Elevation is based on "sea level" (I thought "mean" was implied). With all do respect I didn't care about Altitude and what not regarding this thread. I am only concerned with "Sea Level as a Point of Measurement" and what that means as a definition.

Thank you for trying to understand my POV.

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Elevation is based on "sea level" (I thought "mean" was implied)
"Mean" is not exactly what would be involved. Sea level is a complicated calculation, and it varies by location.
Given these facts would I be wrong to conclude that the elevation of Mt Everest has essentially stayed to same over the past 20 years because of the rising mean sea level?
Probably, yes. Depending on how those facts were calculated. Everest's "elevation" (not the same as height, necessarily) is measured - usually, but not inevitably, as my link pointed out - from a virtual sea level calculated for its latitude. The amount that particular sea level has risen is not likely to be the "mean sea level" rise of the planet as a whole.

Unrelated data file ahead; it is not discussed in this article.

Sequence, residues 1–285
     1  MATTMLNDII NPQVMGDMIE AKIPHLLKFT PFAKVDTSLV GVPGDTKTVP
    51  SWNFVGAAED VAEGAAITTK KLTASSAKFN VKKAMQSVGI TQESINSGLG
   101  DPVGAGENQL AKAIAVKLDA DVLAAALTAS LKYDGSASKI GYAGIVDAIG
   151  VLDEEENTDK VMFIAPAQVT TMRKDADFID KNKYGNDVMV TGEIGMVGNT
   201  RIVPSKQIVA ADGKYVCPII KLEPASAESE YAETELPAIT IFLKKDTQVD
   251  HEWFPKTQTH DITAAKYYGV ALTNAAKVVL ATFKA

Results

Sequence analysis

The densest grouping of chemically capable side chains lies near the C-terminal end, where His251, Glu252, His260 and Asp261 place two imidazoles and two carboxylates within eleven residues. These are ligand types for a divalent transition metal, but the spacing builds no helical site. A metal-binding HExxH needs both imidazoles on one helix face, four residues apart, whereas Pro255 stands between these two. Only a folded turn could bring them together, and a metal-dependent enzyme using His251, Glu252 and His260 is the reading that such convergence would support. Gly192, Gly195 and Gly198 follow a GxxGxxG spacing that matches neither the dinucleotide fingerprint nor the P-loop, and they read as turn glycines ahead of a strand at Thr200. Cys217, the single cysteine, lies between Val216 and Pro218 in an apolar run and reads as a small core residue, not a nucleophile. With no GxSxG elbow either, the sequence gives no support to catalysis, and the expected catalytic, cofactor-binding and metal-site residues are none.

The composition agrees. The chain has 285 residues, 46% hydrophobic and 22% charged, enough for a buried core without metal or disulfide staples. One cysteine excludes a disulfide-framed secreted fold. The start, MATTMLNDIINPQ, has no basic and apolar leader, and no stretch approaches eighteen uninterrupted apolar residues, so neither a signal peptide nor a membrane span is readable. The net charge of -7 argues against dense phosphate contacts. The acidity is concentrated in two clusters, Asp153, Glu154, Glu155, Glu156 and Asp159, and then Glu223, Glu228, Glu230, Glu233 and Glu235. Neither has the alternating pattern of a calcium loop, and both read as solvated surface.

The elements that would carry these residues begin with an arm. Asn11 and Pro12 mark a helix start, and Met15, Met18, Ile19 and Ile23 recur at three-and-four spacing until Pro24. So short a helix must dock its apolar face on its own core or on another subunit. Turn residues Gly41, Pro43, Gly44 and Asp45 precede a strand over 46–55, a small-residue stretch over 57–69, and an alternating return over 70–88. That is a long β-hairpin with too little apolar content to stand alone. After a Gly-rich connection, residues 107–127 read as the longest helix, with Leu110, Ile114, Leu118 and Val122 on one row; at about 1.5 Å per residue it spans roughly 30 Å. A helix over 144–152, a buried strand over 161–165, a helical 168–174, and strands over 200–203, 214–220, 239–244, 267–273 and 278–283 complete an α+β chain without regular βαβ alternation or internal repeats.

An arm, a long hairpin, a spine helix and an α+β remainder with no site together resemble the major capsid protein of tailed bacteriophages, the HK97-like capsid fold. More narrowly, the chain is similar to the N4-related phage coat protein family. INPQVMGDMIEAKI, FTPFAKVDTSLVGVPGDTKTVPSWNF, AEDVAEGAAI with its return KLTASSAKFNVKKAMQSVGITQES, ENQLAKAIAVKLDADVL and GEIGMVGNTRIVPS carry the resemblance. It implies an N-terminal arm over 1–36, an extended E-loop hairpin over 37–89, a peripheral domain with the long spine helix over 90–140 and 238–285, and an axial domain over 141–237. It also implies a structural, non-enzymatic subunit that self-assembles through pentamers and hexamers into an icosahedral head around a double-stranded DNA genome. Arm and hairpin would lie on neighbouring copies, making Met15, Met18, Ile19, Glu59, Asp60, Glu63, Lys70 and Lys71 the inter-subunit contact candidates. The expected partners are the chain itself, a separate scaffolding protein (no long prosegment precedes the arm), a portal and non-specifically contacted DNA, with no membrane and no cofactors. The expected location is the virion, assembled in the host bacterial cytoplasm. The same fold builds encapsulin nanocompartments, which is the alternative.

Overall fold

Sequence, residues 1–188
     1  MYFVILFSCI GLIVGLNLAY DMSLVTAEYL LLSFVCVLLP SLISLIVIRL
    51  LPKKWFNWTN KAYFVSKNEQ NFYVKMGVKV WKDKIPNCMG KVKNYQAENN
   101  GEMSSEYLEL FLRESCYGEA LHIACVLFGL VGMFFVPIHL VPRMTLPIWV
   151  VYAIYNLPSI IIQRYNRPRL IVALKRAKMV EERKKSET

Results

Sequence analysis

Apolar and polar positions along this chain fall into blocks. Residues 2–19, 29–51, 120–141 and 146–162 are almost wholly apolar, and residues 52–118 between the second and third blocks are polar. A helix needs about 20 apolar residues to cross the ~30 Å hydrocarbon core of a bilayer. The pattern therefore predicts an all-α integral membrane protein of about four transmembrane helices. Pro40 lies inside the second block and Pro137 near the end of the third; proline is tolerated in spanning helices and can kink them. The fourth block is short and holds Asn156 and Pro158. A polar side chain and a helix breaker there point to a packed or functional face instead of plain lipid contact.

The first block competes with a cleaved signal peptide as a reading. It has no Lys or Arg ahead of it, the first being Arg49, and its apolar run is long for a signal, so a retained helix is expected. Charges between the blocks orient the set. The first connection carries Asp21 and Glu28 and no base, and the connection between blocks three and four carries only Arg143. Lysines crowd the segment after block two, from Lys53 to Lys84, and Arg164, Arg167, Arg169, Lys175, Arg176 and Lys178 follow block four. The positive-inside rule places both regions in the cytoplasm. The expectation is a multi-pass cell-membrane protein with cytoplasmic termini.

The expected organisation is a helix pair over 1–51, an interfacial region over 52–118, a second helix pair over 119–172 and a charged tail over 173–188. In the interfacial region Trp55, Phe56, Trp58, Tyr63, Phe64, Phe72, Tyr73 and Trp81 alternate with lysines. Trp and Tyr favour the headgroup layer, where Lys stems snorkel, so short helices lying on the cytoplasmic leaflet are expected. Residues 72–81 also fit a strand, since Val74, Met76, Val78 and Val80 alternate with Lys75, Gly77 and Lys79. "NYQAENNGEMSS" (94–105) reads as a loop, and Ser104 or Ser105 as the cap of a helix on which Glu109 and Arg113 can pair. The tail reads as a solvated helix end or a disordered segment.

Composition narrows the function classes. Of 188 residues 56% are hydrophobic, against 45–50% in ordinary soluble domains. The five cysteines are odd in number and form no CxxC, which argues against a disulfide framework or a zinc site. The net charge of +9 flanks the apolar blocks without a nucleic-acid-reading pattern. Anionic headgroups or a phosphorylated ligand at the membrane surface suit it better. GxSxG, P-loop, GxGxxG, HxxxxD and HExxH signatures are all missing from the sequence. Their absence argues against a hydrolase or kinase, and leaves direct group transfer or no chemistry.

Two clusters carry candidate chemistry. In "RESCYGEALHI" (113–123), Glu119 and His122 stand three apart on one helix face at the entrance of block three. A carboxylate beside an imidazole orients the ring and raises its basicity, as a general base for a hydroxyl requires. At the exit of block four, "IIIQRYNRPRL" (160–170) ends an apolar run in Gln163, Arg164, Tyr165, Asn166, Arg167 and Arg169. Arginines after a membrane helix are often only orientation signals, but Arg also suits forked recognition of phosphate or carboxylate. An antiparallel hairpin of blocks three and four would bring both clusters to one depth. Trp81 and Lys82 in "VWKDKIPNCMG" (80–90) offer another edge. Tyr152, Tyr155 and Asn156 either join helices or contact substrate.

"Mean sea level" is just another way of saying "average sea level" yes?

https://en.m.wikipedia.org/wiki/Sea_level

This is an "Ideal sphere" that gives a constant water level which makes calculation easier. Or do we have a different definition for "mean sea level"?

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I am only concerned with "Sea Level as a Point of Measurement" and what that means as a definition.
It would seem a fairly stable standard and even on dry land, "sea-level" measurements do provide a relatively precise global "mean", IMO

It is used in Geographic mapping a lot
Definition of GIS
A geographic information system (GIS) is a system designed to capture, store, manipulate, analyze, manage, and present all types of geographical data. The key word to this technology is Geography – this means that some portion of the data is spatial. In other words, data that is in some way referenced to locations on the earth.
https://researchguides.library.wisc.edu/GIS

And specifically in topology and topography, if I recall .

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Elevation is not based on local sea levels such as tides. Elevation is based on a "mean sea level"; yes?
No. Elevation above sea level (mean sea level) is above

a calculated virtual sea level for that location,
or the local sea and its level,